In How to Build a High Engagement Workplace, Marcus Buckingham recommends that managers find ways for people to do what they do best. Of course, we have to be realistic about this, but at least this warrants serious consideration. As Buckingham acknowledges: “it may not be possible for everyone to be in a role which uses their strengths all the time“, although he continues “but managers can get better at identifying these talents, and providing opportunities for people to exercise these talents and to grow in them.” However, IMHO, I believe that in large corporations this responsibility goes beyond the managers, who are often hampered by corporate job descriptions and policies that effectively hand-cuff them from adopting a more flexible approach to their individual teams.

Am I an old cynic?…or are we witnessing the corporate death of the synergistic team?

…and what about the detrimental effect on employee engagement and employee retention? I throw those in because it’s always easier to get attention when you relate the issue back to a hot topic or two!

5 Responses to “The Corporate Death of the Synergistic Team?”

  1. Mark Bennett said

    Excellent post and your concerns are well founded given the grim statistics. I have hope though that companies will see the competitive advantage that comes with investing the time and effort into improving their systems, but not by making them formulaic. Rather, they will see the measurements as a way to uncover better ways to define roles and organizations that more effectively execute their strategy by being better at linking it to their talent capability.


  2. Meg Bear said

    Welcome to TalentedApps Louise!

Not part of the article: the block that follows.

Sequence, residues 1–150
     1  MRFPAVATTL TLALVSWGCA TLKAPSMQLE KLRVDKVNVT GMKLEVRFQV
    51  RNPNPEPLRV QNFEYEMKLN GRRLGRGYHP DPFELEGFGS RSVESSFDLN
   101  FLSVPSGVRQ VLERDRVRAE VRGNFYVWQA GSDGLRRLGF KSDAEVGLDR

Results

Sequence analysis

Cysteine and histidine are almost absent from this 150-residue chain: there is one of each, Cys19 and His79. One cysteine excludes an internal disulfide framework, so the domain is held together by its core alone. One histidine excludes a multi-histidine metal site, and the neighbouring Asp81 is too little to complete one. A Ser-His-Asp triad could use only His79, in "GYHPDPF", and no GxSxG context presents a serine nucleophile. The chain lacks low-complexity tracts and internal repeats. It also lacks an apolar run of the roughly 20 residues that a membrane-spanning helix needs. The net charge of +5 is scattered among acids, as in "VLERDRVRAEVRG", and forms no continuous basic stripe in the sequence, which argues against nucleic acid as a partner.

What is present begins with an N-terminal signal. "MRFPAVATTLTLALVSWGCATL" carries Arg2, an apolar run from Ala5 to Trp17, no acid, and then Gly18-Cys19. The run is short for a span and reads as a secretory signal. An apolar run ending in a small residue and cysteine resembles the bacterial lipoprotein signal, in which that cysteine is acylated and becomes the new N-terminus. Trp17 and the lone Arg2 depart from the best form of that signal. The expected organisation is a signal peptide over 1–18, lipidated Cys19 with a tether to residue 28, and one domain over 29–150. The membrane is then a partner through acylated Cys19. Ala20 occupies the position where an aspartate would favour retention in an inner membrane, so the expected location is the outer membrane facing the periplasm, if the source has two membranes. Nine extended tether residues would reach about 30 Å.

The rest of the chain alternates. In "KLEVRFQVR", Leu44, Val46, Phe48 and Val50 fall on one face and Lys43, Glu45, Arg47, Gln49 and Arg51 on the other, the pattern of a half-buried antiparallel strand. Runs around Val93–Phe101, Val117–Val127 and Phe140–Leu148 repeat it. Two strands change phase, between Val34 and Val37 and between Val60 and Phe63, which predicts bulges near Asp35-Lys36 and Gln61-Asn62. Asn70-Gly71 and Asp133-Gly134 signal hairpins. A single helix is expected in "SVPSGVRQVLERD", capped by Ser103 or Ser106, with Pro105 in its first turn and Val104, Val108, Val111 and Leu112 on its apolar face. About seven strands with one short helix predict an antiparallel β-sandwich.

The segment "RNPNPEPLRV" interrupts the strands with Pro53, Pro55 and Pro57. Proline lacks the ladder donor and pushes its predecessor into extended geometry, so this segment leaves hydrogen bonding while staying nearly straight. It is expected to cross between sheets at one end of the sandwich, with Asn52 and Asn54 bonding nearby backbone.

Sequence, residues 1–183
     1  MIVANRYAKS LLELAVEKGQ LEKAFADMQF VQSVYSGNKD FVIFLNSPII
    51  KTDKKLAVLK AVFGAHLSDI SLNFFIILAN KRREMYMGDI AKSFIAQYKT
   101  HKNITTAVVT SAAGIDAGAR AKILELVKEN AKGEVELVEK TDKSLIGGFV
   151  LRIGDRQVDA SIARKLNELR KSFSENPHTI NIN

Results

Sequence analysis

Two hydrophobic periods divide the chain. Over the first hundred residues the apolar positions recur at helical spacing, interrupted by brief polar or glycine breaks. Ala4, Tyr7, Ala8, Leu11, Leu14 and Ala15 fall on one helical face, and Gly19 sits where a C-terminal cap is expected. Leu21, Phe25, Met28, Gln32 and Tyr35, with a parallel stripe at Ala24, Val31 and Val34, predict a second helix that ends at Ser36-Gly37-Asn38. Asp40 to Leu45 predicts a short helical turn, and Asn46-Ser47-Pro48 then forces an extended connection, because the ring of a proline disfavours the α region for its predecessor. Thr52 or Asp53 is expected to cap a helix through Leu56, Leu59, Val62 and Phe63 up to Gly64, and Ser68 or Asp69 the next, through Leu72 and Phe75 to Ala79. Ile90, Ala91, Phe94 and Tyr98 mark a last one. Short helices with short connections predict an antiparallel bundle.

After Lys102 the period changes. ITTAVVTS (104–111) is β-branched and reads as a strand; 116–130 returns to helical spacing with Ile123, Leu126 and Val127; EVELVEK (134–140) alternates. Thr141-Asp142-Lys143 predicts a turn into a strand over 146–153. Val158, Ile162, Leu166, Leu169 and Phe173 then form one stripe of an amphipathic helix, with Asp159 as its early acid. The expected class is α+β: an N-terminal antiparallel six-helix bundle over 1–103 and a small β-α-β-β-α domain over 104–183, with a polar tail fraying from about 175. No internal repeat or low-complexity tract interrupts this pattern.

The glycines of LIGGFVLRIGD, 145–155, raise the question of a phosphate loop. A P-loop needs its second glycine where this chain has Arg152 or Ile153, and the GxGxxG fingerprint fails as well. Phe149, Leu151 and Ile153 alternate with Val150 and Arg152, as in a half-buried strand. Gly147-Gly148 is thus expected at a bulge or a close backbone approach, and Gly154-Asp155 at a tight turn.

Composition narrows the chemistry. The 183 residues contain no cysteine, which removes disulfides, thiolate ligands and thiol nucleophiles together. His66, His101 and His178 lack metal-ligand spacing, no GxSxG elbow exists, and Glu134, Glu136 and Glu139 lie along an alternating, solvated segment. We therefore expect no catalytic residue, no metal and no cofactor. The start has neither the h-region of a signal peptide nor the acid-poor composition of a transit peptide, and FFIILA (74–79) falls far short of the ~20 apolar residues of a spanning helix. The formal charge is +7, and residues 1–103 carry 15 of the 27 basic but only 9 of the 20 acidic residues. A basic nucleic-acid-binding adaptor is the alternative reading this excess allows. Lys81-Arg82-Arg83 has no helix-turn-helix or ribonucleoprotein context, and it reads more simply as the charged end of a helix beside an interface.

I personally believe that you are correct that companies can make this difficult for managers but to me this just points out that manager is the critical role for an engagement strategy.

    It really is the job of the manager to find the right path for an individual’s skills to be applied to the business needs of the organization. Good managers find a way to do this, because they know that this will ultimately make them successful. Would it be great for higher levels of the organization to better recognize this? Sure. But I do not think it something that managers should blame on the company. Not if they want to be successful. Managers need to own this problem and they need to succeed. Without that, these numbers are never going to improve.

  3. Ken Klaus said

    Great post Louise! Another scenario that comes to mind is the evolution of job responsibilities over time. I’ve been doing the “same” job for the past 11 years here at Oracle and the job I do today is very different than the one I was hired to do in 1997. Some of the changes were to be expected as we adapted to market conditions and incorporated new business strategies. But I also think it’s important to evaluate job roles and responsibilities every few years to ensure we still have the right employees in the right jobs; and if our HR and Talent Management specialists won’t take ownership of this process then maybe the employees should. What do you say Louise, shall you and I redefine the Product Manager role? =)

  4. Some of the things I do best are

    – Sit on a beach in Hawaii drinking cocktails
    – Watch Soccer and other sports
    – Listen to live Music
    – Snowboard

    Unfortunately nobody seems prepared to pay me to do these things 😉

    I am lucky in the fact I seem to be fairly capable as a software designer/project manager and that pays ok too.

  5. […] if employees are so motivated by the CSR agenda, then Louise Barnfield, in her posting: The Corporate Death of the Synergistic Team? alarmingly states that managers need to consider that according to research, only 20% of […]